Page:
Solutions

269.

Prove that the number
N = 2 ×4 ×6 ×¼×2000 ×2002+ 1 ×3 ×5 ×¼×1999 ×2001 

is divisible by 2003.
Solution 1. We will start with more general observations.
Let k be a natural number, A = 2 ×4 ×6 ×
¼×(2k), B = 1 ×3 ×5 ×
¼×(2k
1), C = 2k + 1 and M = A + B. Since 1 = C
 2k,
3 = C
 (2k
 2) and so on,
B = (C
 2k)(C
 (2k
 2))
¼(C
 2). Upon expansion, we find
that the only term in the right side that does not contain C is
(
1)
^{k}×2 ×4 ×
¼×(2k). Thus
M = C × natural number + (1 + (1)^{k})×A , 

so that, when k is odd (for example, when k = 1001), M
is divisible by C. The result follows.
Solution 2. [T. Yue] Modulo 2003,


 
 
º (2001) ×(1999) ×(1997) ×¼×3 ×1 
 
 
= (2001 ×1999 ×1997 ×¼×3 ×1) . 

Therefore, N
º 0 (mod 2003),
i.e., N is divisible
by 2003.

270.

A straight line cuts an acute triangle into two
parts (not necessarily triangles). In the same way, two other lines
cut each of these two parts into two parts. These steps repeat
until all the parts are triangles. Is it possible for all the
resulting triangle to be obtuse? (Provide reasoning to support
your answer.)
Solution 1. It is clear that if in the final step there are
k cuts, made as required, they form k + 1 triangles. Assume,
if possible, that all of these triangles be obtuse.
Note the total number of acute or right angles in the configuration
after each cut. When the cutting line intersects an existing
side of a triangle, it forms two new angles with a sum of 180
^{°},
so that at least one of them is acute or right. When the cutting line
passes through a vertex of a triangle, it forms two new angles, dividing
the existing angle (smaller than 180
^{°}) into smaller angles,
so that there is one more acute or right angle than
before. Hence at each step,
the total number of acute and right angles in the configuration
increases at least by 2. Starting from a configuration with three
such angles, after k steps, we get at least 2k + 3 acute
or right angles. On the other hand, in k + 1 obtuse triangles,
there must be exactly 2(k + 1) nonobtuse angles. This contradicts
our assumption, so that the answer to the question of the problem is
"no".
Solution 2. Suppose that there were a way to cut the given
triangle into t obtuse triangles. According to the required
procedure of cutting, if two triangles with a common vertex appear
after one cut, then they will lie on the same side of the plane
with respect to another line segment (say, a side of the triangle
or a previous cut). Denote by n the number of points that are
vertices of the obtuse triangles but not vertices of the given
triangle. On the one hand, the sum of the interior angles in
all the triangles is 180t^{°}. On the other hand, for each
of the n points, the sum of all triangular angles at a vertex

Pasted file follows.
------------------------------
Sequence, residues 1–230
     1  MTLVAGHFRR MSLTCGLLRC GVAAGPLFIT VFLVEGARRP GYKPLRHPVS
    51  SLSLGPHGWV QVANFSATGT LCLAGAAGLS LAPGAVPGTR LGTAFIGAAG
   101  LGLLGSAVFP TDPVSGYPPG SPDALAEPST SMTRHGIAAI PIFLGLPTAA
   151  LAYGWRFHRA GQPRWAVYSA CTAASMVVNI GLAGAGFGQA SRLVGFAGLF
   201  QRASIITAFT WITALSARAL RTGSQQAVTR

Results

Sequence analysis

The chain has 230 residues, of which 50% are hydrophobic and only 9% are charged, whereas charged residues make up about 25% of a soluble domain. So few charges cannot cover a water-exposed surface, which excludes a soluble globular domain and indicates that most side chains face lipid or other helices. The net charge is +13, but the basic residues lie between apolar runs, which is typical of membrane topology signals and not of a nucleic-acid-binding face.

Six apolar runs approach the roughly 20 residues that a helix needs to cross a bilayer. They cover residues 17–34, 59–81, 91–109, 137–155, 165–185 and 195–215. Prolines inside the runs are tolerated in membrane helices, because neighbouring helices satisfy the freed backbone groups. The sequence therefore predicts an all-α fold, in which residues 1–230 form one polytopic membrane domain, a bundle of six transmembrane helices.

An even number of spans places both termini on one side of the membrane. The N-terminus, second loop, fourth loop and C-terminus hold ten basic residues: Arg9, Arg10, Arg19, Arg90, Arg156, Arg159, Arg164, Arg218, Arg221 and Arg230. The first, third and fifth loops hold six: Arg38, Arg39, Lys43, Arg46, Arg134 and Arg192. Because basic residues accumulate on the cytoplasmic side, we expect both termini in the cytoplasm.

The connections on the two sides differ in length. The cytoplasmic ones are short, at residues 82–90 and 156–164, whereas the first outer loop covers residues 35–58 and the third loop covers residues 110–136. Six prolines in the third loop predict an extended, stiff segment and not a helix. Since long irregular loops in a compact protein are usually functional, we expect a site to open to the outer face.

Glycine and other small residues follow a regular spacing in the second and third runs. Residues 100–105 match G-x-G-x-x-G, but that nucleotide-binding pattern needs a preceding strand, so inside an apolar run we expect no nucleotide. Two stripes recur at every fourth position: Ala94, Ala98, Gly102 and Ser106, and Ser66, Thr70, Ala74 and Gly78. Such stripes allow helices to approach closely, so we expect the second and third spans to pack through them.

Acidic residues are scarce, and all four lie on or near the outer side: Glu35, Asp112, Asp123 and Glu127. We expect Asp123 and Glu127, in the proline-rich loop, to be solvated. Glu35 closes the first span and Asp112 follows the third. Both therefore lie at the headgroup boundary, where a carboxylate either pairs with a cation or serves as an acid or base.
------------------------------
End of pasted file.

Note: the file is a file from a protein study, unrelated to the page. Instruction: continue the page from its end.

there is
180^{°}. So the sum of all the interior angles of the
triangles will be (180n + 180)^{°} (we must add the sum of
the angles of the original triangle). Hence t = n + 1. However,
only the n interior vertices can be vertices of an obtuse angle,
and each of them can be the vertex of at most one obtuse angle.
Hence t £ n, yielding a contradiction. Thus, it is impossible
to cut the original triangle into obtuse triangles only.

271.

Let x, y, z be natural numbers, such that the
number
is rational.
Prove that


(a) xz = y^{2};


(b) when y ¹ 1, the numbers x^{2} + y^{2} + z^{2}
and x^{2} + 4z^{2} are composite.
Solution. (a) Since the given number is rational, it can be
represented as a reduced fraction p/q, where p and q
¹ 0
are two coprime integers. This yields
xq  yp = (yq  zp)  Ö

2003

. 

Since the left side is rational, the right must be as well.
Since
Ö{2003} is irrational, both sides must vanish.
Thus xq
 yp = yq
 zp = 0, whence x/y = y/z = p/q, so that
xz = y
^{2}.
(b) Let M = x^{2} + y^{2} + z^{2} and N = x^{2} + 4z^{2}. We will prove
that M and N are both composite, provided that y ¹ 1.
Since xz  y^{2},
M = x^{2} + y^{2} + z^{2} = x^{2} + 2xz + z^{2}  y^{2} = (x + z)^{2}  y^{2} = (x + z  y)(x + z + y) . 

For M to be composite, the smaller factor, x + z
 y
must differ from 1. (It cannot equal
1. Why?) Since
y is a natural number distinct from 1, y > 1. As xz = y
^{2},
at least one of x and z is not less than y. Say that x
³ y.
If x = y, then z = y and x + z
 y = y > 1; if x > y,
then x + z
 y
³ z > 1. Thus in all possible cases,
x + y
 z > 1 and M is the product of two natural numbers
exceeding 1.
Similarly,
N = x^{2} + 4z^{2} = x^{2} + 4xz + 4z^{2}  4y^{2} = (x + 2z)^{2}  (2y)^{2} = (x + 2z  2y)(x + 2z + 2y) . 

To prove that N is composite, it suffices to show that the
smaller factor x + 2z
 2y exceeds 1. (Why cannot
this factor equal
1?) We prove this by contradiction.
Suppose, if possible, that x + 2z
 2y = 1. Then
x + 2z = 2y + 1, whence
x^{2} + 4xz + 4z^{2} = 4y^{2} + 4y + 1Û x^{2} + 4z^{2} = 4y + 1 . 

However, it is clear that x
^{2} + 4z
^{2} ³ 4xz = 4y
^{2}, from
which it follows that 4y + 1